Right now, Slezak has 30 dogs on hand. Food costs alone range from $2,500 to $3,000 a month, and most of the costs are paid out of pocket. However, Dogs 4 Warriors has received some donations and has a few fundraising avenues, including a benefit concert which will be held at the Scio American Legion Post 482 on May 17 at 7 p.m. Featured artists will be Garblejunk, Vent, Act of Violence, Mind Pulp, Lost Chapter, The Valley Boys, and Aaron Emerson, and the cost will be $5 at the door.
“A lot of people assume the government is paying for this but they’re not,” Slezak said.
30 dogs may seem excessive, but Slezak has over 100 veterans waiting for service dogs. Seven to ten are given out each month. Word has spread about Dogs 4 Warriors, and veterans come from all over the nation to inquire about getting their own dog.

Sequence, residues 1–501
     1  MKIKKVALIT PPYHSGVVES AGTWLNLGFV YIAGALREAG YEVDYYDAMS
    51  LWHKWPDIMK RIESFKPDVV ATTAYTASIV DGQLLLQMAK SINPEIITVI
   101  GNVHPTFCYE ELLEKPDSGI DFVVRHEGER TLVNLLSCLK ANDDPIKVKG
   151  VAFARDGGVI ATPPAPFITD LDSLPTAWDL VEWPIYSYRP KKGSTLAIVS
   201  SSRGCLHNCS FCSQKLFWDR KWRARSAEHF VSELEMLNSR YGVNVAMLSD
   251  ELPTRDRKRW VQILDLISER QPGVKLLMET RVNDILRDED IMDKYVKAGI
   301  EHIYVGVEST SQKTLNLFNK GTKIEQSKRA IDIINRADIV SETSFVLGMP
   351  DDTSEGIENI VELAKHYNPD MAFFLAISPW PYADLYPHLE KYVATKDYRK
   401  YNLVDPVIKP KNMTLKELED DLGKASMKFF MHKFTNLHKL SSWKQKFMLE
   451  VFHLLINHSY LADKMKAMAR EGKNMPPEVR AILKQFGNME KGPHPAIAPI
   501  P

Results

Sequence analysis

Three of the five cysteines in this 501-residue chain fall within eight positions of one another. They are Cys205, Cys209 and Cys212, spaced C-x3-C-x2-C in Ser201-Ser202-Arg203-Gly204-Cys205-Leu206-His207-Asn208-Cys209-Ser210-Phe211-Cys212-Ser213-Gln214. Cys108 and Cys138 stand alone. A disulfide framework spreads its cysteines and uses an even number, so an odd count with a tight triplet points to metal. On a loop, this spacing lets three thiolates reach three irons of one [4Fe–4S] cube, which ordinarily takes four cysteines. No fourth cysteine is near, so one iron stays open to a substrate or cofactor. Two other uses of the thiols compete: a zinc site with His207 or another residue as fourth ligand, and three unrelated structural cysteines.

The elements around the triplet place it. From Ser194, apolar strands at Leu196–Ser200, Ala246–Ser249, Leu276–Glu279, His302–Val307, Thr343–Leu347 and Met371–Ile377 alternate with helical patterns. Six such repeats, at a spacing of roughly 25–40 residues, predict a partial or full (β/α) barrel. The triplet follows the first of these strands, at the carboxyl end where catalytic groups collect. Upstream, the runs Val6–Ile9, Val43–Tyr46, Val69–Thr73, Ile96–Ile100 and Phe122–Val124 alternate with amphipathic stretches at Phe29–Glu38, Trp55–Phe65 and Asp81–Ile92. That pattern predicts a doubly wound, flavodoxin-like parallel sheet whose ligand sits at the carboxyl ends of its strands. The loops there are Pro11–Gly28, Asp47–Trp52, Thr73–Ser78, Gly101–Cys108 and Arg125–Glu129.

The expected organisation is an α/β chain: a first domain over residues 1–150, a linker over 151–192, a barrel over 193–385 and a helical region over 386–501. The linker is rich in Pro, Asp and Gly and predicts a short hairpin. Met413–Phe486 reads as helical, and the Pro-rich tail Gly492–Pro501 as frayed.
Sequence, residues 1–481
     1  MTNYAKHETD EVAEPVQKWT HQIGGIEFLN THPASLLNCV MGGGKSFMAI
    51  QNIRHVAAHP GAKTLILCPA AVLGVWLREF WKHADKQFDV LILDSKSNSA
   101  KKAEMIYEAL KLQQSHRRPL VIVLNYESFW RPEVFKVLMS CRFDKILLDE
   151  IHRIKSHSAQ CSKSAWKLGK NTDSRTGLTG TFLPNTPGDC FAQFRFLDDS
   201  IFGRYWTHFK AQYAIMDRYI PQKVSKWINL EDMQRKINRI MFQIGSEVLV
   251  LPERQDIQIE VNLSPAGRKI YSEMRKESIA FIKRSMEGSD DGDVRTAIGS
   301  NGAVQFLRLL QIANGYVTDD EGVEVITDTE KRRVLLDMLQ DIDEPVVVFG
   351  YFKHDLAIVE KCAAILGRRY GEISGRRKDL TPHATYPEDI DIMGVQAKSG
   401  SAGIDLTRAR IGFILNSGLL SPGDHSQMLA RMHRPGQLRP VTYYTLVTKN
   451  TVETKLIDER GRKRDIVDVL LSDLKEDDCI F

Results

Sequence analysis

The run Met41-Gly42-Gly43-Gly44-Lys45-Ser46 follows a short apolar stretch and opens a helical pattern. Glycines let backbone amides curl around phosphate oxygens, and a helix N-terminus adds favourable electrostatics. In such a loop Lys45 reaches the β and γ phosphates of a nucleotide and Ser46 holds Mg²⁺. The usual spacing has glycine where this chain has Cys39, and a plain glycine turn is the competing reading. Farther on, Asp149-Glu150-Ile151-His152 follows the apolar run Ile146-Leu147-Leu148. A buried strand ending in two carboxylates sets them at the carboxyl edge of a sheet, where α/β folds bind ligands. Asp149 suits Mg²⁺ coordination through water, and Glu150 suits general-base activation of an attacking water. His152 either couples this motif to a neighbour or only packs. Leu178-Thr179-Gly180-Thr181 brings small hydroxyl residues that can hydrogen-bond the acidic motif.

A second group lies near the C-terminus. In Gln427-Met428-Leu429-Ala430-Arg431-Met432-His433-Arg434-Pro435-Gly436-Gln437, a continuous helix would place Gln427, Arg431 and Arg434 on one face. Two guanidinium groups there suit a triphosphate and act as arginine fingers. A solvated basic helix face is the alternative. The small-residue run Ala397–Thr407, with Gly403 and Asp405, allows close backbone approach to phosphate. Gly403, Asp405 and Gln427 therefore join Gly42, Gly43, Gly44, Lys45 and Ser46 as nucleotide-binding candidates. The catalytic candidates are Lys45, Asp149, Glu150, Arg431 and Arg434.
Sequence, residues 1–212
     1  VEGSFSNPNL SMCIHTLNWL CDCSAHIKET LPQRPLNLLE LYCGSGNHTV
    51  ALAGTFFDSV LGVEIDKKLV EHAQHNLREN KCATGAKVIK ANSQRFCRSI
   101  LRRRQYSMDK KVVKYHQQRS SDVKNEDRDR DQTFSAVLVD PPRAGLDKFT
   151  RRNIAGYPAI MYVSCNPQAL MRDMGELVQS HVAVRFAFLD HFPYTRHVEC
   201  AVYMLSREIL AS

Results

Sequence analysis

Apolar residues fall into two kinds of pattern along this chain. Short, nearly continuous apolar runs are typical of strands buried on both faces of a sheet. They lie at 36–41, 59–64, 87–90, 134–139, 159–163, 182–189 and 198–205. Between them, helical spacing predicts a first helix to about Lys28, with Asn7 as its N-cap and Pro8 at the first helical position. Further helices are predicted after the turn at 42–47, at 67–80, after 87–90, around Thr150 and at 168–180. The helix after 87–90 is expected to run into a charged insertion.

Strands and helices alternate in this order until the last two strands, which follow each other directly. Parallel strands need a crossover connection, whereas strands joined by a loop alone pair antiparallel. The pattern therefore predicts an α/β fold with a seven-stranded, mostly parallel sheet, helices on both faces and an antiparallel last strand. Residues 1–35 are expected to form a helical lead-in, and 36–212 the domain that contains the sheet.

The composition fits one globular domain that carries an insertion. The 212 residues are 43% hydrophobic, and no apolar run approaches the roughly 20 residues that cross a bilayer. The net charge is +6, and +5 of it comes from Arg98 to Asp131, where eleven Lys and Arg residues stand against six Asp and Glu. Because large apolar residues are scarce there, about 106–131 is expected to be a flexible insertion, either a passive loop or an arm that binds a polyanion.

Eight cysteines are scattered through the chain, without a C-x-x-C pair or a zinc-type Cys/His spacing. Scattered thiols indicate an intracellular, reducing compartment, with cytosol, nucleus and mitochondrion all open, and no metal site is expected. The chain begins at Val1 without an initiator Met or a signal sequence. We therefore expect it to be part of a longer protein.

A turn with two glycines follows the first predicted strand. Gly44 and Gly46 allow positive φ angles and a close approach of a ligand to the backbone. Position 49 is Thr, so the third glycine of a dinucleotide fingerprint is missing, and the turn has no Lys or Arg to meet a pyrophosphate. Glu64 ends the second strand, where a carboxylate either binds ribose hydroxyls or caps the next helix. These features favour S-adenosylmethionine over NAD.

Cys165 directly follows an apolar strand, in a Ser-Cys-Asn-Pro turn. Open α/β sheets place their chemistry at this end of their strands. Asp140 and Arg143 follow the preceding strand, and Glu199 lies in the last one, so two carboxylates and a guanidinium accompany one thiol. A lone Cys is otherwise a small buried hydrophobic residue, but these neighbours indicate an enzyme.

“They come from pretty much every state,” Slezak said. “It’s easier for them to come here than come up with $20,000 for a dog from somewhere else.”
While a veteran’s dog is being trained, he or she stays with Slezak free of charge.
“There is never a charge for anything. We are a tightly knit brotherhood, and leaving any veteran behind is not an option,” the Dogs 4 Warriors website explains.
The dogs are spayed or neutered, given all necessary shots, microchipped, and sent off with three months worth of flea and tick medication and wormer. Slezak explained that PTSD service dogs are different from emotional support animals. The service dogs are specially trained to have excellent obedience skills and stay by their owner’s side 24/7. They’re trained to wake owners up from nightmares and watch out for them so they’re not startled by others approaching, a common issue with PTSD.